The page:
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17 April 2014 12:48 pm ,
Vol. 344 ,
Officials last week revealed that the U.S. contribution to ITER could cost $3.9 billion by 2034—roughly four times the...
An experimental hepatitis B drug that looked safe in animal trials tragically killed five of 15 patients in 1993. Now,...
Using the two high-quality genomes that exist for Neandertals and Denisovans, researchers find clues to gene activity...
A new report from the Intergovernmental Panel on Climate Change (IPCC) concludes that humanity has done little to slow...
Astronomers have discovered an Earth-sized planet in the habitable zone of a red dwarf—a star cooler than the sun—500...
Three years ago, Jennifer Francis of Rutgers University proposed that a warming Arctic was altering the behavior of the...
- 17 April 2014 12:48 pm , Vol. 344 , #6181
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U.K. Charity to Boost Irish Biomedical Research
5 September 1997 8:00 pm
Ireland's ailing biomedical research effort got a major shot in the arm yesterday as the London-based Wellcome Trust, the world's richest biomedical charity, announced plans to award grants in Ireland totaling $1.58 million per year over the next 3 years. The new grants will be administered by Ireland's Health Research Board (HRB)--the country's primary conduit for state funding of biomedical research--and will be roughly matched by the Irish government. As a result, the agency's research spending will leap 70% to about $7.4 million per year.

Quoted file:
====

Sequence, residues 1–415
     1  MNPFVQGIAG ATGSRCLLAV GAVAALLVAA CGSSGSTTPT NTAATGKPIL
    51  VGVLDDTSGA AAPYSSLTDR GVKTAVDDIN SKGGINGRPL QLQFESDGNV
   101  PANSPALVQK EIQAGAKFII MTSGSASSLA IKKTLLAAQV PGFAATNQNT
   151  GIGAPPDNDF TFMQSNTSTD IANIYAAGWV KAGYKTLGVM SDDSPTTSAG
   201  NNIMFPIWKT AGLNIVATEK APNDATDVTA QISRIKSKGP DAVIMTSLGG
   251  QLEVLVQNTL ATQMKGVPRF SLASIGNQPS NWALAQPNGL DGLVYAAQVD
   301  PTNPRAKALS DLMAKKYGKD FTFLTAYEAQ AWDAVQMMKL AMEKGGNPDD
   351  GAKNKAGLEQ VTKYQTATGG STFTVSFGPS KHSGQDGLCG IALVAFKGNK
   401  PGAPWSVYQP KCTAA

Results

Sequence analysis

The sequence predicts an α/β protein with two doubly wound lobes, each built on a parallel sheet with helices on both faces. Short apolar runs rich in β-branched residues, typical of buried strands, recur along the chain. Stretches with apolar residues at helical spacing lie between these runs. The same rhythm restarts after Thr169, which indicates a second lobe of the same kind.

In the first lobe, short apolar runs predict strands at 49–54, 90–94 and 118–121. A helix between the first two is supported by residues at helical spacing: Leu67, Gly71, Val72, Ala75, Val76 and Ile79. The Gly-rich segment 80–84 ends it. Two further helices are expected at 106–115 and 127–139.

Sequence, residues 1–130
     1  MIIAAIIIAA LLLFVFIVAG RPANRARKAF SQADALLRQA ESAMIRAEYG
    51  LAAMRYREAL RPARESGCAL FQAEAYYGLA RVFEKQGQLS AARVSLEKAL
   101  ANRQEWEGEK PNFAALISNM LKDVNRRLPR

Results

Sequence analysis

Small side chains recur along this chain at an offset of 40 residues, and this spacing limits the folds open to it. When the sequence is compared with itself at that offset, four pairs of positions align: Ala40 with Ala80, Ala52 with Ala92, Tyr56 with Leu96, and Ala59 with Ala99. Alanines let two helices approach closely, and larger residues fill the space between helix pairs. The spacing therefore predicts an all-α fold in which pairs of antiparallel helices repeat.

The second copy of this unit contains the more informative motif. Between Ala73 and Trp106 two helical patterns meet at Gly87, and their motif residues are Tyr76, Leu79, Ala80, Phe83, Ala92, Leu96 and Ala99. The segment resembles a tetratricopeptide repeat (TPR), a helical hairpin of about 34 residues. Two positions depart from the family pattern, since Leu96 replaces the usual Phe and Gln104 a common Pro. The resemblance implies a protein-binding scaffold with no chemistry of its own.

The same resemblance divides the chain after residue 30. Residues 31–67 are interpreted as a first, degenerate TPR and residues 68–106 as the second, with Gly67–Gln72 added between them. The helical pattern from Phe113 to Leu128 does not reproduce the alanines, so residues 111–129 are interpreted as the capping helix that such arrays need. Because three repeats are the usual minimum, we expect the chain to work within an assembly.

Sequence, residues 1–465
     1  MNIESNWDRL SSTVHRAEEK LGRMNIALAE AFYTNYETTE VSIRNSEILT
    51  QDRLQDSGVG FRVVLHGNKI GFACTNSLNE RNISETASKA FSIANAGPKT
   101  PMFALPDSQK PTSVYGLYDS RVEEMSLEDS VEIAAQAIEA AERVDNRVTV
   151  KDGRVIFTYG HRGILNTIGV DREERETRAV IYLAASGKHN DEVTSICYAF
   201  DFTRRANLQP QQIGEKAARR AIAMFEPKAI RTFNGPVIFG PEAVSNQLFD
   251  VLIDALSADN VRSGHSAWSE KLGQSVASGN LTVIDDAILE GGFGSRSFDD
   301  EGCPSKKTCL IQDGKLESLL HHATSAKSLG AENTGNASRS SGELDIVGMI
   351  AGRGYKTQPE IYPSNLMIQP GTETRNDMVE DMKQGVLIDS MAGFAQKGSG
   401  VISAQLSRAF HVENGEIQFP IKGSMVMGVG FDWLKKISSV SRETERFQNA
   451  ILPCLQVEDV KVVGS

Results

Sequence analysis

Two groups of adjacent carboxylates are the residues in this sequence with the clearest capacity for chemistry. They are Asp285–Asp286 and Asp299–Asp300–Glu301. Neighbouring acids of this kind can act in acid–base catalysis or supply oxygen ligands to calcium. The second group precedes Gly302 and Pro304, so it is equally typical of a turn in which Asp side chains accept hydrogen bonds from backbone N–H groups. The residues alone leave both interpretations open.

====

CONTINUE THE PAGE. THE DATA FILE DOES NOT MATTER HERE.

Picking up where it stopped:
This is good news for Irish researchers, because their nation's per capita spending on research and development is among the lowest in the industrialized world. For example, the U.K.'s Medical Research Council currently spends over $400 million on research each year. And despite the Irish government's promises over the past 2 years to bolster science funding, little extra cash has materialized until now. Indeed, the Wellcome Trust's generosity is apparently intended in part to help pry open Irish coffers. "There is an element of the carrot and the stick here," says HRB chief executive Vivian O'Gorman. "They want us to do our part to increase the budget."
Wellcome Trust officials have made it clear that grants down the road will depend on just such a show of good faith. At a press conference yesterday in Dublin, the trust's director, Bridget Ogilvie, declared that future funding of Irish research would "take account of the overall added scientific value of the matching fund agreement and the level and nature of the government's support for scientific research in Ireland."